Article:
The Tax Efficiency of ETFs
ETFs or Exchange Traded Funds provide a cost-efficient way for you to add diversity to your portfolios. The lower operational costs with the potential to invest in a wide range of stocks have earned ETFs a place in portfolios of both seasoned and novice investors. But ETFs also have another potential benefit – tax efficiency.
How are ETFs Taxed?
ETFs can be traded on the stock exchange like individual shares. You can take advantage of changes in the selling price throughout business hours and sell your ETF units as and when you hope to make a profit. The change in price is determined by the supply and demand for the ETF units. When demand goes up, so does the price and vice versa. The profit earned on ETFs is called capital gains.
Capital gains earned on ETFs are taxed similarly to capital gains earned on traditional mutual funds. For the purpose of taxation, let us divide ETFs into two categories- equity based ETFs and others as non-equity ETFs which includes gold ETF and debt ETFs. Equity ETF are those where the investible fund remains invested in listed equity shares of domestic companies, basis the scheme’s strategy. Here too, based on the holding period, one can further divide investments as long term and short term. Long term investments are the ones that are held for more than 1 year and short term investments, less than one year. In case of equity ETF, capital gains made on short term is taxed at flat 15% and in case of long term the gains made from ETFs and listed equity shares taken together during a year are taxed at a flat rate of 10% after an initial exemption of one lakhs rupees.
Profits on some non-equity ETFs get taxed as long term if held for more than 36 months else it gets taxed as short-term capital gain. Short term capital gains on non-equity ETF is treated as regular income and is taxed at the regular applicable rates. However, when it comes to long term capital gains, you get the benefit of indexation. An indexed long term capital gain is nothing but the difference between indexed cost and sale price. Such indexed long term capital gains are taxed at flat 20%.
Please note: Unlike long term capital gains on equity ETF where you get an initial exemption of one lakhs, the long term capital gains on non-equity ETFs do not enjoy any initial exemption.
You can claim exemption against any long-term capital gains tax liability if you invest the net sale proceeds of such capital asset for buying a residential house within two years or get a residential house constructed within three years from the date of sale of such asset. One can claim this exemption even if you have already purchased a house within one year prior to sale of long-term capital gains asset.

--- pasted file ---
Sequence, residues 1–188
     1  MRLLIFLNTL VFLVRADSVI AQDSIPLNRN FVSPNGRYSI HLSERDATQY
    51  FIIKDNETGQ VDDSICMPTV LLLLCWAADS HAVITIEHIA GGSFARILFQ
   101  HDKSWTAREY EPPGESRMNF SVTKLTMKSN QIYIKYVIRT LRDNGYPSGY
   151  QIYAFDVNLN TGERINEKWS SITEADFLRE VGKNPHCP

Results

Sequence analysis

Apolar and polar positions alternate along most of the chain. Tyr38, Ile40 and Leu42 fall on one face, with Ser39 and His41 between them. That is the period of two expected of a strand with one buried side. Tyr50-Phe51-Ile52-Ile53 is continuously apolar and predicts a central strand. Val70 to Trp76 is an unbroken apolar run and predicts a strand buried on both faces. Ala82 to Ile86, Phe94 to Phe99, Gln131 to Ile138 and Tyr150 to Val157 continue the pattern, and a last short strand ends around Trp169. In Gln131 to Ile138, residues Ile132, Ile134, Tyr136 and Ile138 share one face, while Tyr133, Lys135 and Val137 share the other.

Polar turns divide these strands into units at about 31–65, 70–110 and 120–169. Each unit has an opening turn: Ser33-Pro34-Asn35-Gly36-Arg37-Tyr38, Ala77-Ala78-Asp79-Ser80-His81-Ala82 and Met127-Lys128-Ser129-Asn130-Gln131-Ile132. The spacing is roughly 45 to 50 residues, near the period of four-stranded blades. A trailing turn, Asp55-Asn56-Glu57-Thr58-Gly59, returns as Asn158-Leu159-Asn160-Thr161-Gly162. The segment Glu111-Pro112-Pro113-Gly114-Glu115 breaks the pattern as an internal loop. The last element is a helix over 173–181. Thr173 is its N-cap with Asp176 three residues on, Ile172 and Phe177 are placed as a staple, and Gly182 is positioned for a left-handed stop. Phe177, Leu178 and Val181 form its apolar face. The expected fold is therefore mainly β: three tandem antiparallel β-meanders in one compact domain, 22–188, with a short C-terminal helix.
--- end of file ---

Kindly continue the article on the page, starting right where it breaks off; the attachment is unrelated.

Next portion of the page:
How can ETFs be More Tax Efficient?
ETFs can be more tax-efficient that traditional mutual funds in a few cases:
Comparatively low returns: ETFs track a benchmark index on the stock markets and replicate its stock profile exactly. If a stock is in the benchmark, it will be there in the ETF in the same proportion. ETFs are structured so that they match the performance of the benchmark and don’t actively try to beat it like some actively managed funds. Owing to the way ETFs operate, they generally provide lower returns than some other types of mutual funds. Therefore, the overall tax liability of ETFs is also lower.
Setting off losses: As mentioned earlier, ETFs are traded on the stock exchange. While in most cases investors aim to make a profit from this trading, there might also be cases when they have to sell their units at a loss, i.e., at a lower price than what they bought them for. This is termed as capital loss which can help lower tax liability. Here’s how setting off losses to lower tax liability works:
• Capital losses need to be set off only against capital gains (not any other income).
• Long term capital loss can be set off against long term capital gains of that year.
• Short term capital loss on the other hand can be set off against both short-term and long-term capital gains.
• Both short-term and long-term capital losses can be carried forward for up to eight consecutive assessment years after incurring the loss in case there are no capital gains to set them off against.
Creation units: While this might not typically happen in an emerging market like India, there may be cases where fund managers prevent inflows of cash into an ETF from exposing investors to capital gains. This cash inflow is adjusted by creating or redeeming creation units which are a basket of asset that replicate the ETF investment in its entirety. This works out as more tax efficient for the investors as compared to having an additional taxable event through ETFs.
ETFs are structure in a way that ensure they provide modest returns while maintaining lower operational costs. This structure has the potential to add tax-efficiency to the investors portfolio without compromising on diversification and equity exposure.
An investor education initiative
An investor education initiative
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